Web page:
Networking vendor Cabletron Systems has weighed into the Internet censorship debate, issuing a press release backing the federal government's controversial plan.
Ian Fewtrell, Cabletron's managing director, released a statement late last week that said in part: "The government is establishing a regime to regulate what is carried on on the Internet using the latest technology to achieve it.
"It means that the technology on which Cabletron's SmartSwitch router is built can be used to monitor the Internet traffic in Australia . . . the government's strategy was sound and could be implemented using Cabletron's technology."
Asked if the release is an admission that Cabletron is against freedom of speech on the Internet, Fewtrell said: "From a company perspective, we're apolitical. We're not discussing censorship at all; censorship is something for the Australian people to determine. What we're talking about is the ability to monitor [Internet content]."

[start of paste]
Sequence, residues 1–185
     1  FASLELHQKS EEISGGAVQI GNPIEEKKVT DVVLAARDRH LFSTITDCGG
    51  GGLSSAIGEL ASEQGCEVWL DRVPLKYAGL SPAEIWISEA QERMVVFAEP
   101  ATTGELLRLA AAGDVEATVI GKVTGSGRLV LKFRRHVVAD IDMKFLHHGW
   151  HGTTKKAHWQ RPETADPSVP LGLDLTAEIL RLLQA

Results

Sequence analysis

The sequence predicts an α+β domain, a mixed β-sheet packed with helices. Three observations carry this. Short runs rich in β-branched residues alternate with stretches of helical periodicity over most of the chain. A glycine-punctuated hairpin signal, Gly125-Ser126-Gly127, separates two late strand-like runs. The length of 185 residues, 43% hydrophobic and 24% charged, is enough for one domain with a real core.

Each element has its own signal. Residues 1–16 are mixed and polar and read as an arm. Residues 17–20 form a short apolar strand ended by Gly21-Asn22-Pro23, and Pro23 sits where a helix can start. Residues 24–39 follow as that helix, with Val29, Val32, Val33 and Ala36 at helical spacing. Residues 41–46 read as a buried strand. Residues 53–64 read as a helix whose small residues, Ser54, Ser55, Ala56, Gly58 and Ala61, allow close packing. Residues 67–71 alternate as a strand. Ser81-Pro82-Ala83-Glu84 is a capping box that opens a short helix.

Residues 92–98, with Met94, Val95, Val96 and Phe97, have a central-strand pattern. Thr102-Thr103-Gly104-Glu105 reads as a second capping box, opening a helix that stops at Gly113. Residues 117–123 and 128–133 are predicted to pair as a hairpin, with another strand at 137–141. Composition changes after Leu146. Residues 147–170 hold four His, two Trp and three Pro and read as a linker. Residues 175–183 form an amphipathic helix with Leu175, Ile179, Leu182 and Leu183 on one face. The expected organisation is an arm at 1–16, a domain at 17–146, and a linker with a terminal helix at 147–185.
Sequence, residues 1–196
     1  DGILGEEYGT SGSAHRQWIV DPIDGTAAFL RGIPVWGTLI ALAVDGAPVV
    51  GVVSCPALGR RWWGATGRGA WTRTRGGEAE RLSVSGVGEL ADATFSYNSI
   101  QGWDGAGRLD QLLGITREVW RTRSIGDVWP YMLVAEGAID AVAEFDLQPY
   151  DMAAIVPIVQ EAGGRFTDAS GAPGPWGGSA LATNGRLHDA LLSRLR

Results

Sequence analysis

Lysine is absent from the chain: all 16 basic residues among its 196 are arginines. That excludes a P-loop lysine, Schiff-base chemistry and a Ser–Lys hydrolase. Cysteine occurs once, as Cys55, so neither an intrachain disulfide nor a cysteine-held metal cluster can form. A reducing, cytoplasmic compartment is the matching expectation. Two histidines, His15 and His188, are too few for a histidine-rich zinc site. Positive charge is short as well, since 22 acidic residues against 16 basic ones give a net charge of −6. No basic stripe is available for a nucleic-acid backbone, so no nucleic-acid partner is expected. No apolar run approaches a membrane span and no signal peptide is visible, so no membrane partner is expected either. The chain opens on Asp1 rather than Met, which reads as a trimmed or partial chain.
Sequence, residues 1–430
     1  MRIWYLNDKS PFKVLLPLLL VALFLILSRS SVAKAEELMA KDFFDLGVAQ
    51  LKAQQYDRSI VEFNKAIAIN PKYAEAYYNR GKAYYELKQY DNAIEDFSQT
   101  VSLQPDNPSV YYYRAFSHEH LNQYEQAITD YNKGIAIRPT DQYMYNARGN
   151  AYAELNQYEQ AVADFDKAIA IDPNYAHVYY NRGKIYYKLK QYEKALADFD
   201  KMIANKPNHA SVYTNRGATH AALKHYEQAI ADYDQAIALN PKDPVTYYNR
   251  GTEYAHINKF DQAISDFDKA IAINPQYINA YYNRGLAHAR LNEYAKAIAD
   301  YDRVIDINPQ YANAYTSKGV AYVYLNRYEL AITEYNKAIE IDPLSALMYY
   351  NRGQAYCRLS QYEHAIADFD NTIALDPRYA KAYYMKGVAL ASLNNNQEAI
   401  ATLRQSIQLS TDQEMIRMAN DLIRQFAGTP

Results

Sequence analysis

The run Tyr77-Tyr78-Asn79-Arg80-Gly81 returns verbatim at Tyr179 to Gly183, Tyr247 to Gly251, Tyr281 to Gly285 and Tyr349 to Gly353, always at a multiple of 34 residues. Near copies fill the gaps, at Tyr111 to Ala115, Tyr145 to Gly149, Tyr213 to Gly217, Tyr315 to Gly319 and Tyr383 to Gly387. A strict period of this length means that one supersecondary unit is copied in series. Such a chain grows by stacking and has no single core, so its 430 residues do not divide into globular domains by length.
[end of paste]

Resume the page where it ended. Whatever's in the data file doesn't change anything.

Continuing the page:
While he denied the vendor was throwing its weight behind the plan, Fewtrell conceded it does stand to gain new business if the federal government's censorship strategy is given the nod.
"I'd be silly to say there are no business benefits associated with [the censorship plan]. What we're saying is that technically it is sound and the legislation can be supported from a technical perspective.
"We are not supporting the legislation in terms of the censorship issue, that's something for the Australian people, not us, to decide," he claimed.